OperatorsEdit

 
Shenyang J-6 Operators 2010 (former operators in red)

There are currently two active operators of the Shenyang J-6 out of fifteen total users in its history.

Current operatorsEdit

  North Korea
  Somalia
  Sudan
  Tanzania
  Zambia

Former operatorsEdit

 
An Albanian Shenyang J-6C in Kucova Airbase.
 
Egyptian Air Force personnel inspect an Egyptian F-6
 
A Bangladesh Air Force F-6 in BAF Museum
  Albania
  Bangladesh
  Cambodia
  People's Republic of China
  Egypt
  Iran
  Iraq
  Myanmar
  Pakistan
  Vietnam

Specifications (J-6)Edit

 
The nose of an F-6, showing the 30 mm cannons fitted in the right wing root and the lower body.

Data from Chinese aircraft : China's aviation industry since 1951[14], Combat aircraft since 1945[15]

General characteristics

  • Crew: 1 (JJ-6 tainers - 2)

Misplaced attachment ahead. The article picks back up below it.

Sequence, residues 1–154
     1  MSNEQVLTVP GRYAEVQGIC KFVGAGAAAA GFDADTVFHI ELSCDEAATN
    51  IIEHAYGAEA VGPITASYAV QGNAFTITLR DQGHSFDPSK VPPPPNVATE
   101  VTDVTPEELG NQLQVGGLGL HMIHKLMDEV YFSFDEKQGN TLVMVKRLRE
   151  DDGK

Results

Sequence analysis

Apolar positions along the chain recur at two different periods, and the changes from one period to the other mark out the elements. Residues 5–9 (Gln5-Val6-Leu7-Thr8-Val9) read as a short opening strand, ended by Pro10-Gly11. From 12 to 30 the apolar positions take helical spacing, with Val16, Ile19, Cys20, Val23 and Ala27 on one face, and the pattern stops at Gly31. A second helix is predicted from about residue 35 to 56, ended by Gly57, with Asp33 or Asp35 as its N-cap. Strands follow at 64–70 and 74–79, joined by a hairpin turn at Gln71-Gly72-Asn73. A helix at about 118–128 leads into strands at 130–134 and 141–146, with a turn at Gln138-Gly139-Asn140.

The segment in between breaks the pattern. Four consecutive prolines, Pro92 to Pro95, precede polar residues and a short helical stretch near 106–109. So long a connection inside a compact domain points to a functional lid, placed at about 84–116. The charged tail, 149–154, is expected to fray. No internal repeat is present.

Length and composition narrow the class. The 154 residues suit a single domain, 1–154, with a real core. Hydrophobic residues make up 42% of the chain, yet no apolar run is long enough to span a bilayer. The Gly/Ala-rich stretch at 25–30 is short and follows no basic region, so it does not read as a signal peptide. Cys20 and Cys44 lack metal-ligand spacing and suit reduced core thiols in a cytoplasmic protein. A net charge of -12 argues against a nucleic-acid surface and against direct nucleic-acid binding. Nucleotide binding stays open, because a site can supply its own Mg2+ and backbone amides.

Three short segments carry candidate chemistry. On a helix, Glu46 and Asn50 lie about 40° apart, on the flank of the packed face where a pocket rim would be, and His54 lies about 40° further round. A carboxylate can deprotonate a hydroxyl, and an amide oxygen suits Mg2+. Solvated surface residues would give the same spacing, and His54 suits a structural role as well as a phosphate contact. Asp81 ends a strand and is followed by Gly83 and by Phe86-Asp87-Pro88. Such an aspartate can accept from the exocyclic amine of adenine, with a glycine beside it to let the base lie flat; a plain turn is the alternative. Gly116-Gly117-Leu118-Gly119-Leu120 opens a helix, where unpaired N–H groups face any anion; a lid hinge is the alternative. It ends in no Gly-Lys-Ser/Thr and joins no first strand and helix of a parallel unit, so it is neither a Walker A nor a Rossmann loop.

• Length: 14.64 m (48 ft 0 in) (variants with nose pitot probe)
12.54 m (41.1 ft) (variants without nose pitot probe)
  • Wingspan: 9 m (29 ft 6 in)
  • Height: 3.885 m (12 ft 9 in)
  • Wing area: 25.16 m2 (270.8 sq ft)
  • Empty weight: 5,172 kg (11,402 lb) to 5,447 kg (12,009 lb)
  • Max takeoff weight: 7,560 kg (16,667 lb) clean
8,662 kg (19,096 lb) with drop tanks
8,832 kg (19,471 lb) with drop tanks and rocket pods
  • Fuel capacity: 1,735–1,800 kg (3,825–3,968 lb) internal
2,796 kg (6,164 lb) with drop tanks

Performance

  • Maximum speed: 1,540 km/h (957 mph; 832 kn)
  • Maximum speed: Mach 1.3
  • Range: 1,400 km (870 mi; 756 nmi)
  • Combat range: 640 km (398 mi; 346 nmi)
  • Ferry range: 2,200 km (1,367 mi; 1,188 nmi) with drop tanks
  • Endurance: 1 hour 43 minutes clean
2 hours 38 minutes with drop tanks
  • Service ceiling: 15,800 m (51,800 ft) at military power
17,500–17,900 m (57,400–58,700 ft) with full afterburner
  • Rate of climb: 180 m/s (35,000 ft/min)
  • Take-off run: 900 m (3,000 ft) at full military power
515 m (1,690 ft) with full afterburner
  • Landing run: 610 m (2,000 ft) with brake parachute
890 m (2,920 ft) without brake parachute

Armament

  • 3x 30 mm NR-30 cannons (70 rounds per gun for wing guns, 55 rounds for fuselage gun)
  • Up to 250 kg (550 lb) of unguided bombs or rockets pods, or PL-2/PL-5 (Chinese versions of Soviet K-13 (NATO AA-2 'Atoll') air-to-air missiles on 4 underwing pylons